Saturday, January 16, 2016

Uruapan, the city of the Avacados: another Mission of Vasco de Quiroga.

Vasco de Quiroga, the prominent member of the Second Board of Governors or Segunda Audiencia of the Nueva España (as Mexico was known at that time), who using Thomas More's "Utopia" as his inspiration, quelled the rising sedition in the entire territory of what we call today Michoacán, and became a Franciscan Friar, establishing a network of multiuse complexes, called huataperas (in purépecha, the language of the Tarascan Natives): a combination of church-Sunday School-clinic-daycare-and town hall for the local Indian communities, many of which are still in use 450 years afterward. The natives become so fond of this Spaniard that they called him "Tata", or Father, in the purépecha language.
Estela is the gardens of La Mansion de
Cupatitzio Hotel in Uruapan.
After a long walk between Patzcuaro, his head of operations in Michoacán, and Uruapan, he died at an age well into his 90's. This is most fitting, as Uruapan is a place I imagine very similar to what the Garden of Eden must have been like. A beautiful city, center of the zone that produces the most delicious Hass variety of Avocados, with beautiful gardens, with tree full of melodious singing birds.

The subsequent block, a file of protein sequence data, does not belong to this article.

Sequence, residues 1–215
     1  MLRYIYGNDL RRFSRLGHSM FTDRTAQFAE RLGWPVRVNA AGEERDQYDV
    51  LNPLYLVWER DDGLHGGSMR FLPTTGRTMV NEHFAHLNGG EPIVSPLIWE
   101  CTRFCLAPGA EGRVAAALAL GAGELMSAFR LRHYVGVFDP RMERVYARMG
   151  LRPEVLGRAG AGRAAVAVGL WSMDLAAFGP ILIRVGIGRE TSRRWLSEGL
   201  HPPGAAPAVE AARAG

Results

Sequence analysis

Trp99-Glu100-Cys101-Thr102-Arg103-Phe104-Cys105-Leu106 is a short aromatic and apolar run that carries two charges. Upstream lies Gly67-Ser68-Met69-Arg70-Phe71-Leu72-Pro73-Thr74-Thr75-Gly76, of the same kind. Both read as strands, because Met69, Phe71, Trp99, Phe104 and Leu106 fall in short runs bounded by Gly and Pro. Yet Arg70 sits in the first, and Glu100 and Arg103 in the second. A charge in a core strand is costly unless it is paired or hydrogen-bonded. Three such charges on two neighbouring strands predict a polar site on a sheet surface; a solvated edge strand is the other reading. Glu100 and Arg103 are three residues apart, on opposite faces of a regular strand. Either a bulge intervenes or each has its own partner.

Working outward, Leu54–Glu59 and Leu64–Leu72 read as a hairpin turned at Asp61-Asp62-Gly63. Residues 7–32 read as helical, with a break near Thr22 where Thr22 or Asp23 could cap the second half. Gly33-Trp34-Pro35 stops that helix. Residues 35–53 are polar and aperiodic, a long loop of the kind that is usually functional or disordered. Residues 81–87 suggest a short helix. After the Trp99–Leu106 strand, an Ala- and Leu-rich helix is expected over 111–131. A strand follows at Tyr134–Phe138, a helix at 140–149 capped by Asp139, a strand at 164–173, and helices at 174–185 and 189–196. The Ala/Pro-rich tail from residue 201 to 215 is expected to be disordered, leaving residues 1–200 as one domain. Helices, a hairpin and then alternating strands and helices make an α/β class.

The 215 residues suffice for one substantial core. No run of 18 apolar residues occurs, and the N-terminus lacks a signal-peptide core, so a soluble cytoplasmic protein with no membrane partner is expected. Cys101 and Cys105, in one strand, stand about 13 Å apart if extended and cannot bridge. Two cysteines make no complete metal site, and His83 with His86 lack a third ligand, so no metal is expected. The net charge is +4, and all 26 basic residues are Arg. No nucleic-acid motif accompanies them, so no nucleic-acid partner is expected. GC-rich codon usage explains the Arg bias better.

Uruapan is a peaceful place for resting
Today Uruapan is the center of a thriving agricultural community, renowned worldwide for its avocado producers and packers, as well as prominent exporter of frozen "guacamole" sauce, made from avocados. Nearby town Nueva Italia was once famous for being the most fertile rice-growing area of Mexico. Named "Nueva Italia", because the Cusi family, that immigrated from Italy at the beginning of the 20th century, started organizing rice plantations in this area. Another of his plantations was named "La Lombardia". The Lombardia and Nueva Italia Plantations were the some of the most productive plantations in the world by the 1920's, and they had their own health-care center for their employees and even their own railroad.

Another thing I always try to treat myself to when I come to Uruapan is a delicious cup of hot-chocolate, made by a local process plant, that instead of producing cocoa powder, does it the old way, that is, solid tablets of pure chocolate, without added sugar.

Estela having a delicious fresh-fruit breakfast in
the Gardens of the Mansion de Cupatitzio.
Michoacán has always been a paradise-like area, but with a long history of poverty and social unrest. 
Although Uruapan is a very restful and tranquil place to stay, it has been tarnished in recent years by drug-trafficking mobs, such as La Familia Mexicana and Los Templarios.  After a series of crackdowns by the Mexican Government, it seems that in the last few years it is safer to travel to and from Uruapan, but preferably driving during the daytime on the turnpike connecting Uruapan with Patzcuaro-Morelia-Atlacamulco-Mexico City.

Estela in the Cupatitzio National Park in Uruapan,
 after watching an ensemble performing the
"Baile de los Viejitos" (Dance of the Elderly)
a long standing tradition of the Tarascan Tribes.

Alexander, my son, and Estela, my wife,crossing
of covered wooden bridge across the fountainhead
of the Cupatitzio River, in the Cupatitzio National
Park in Uruapan.

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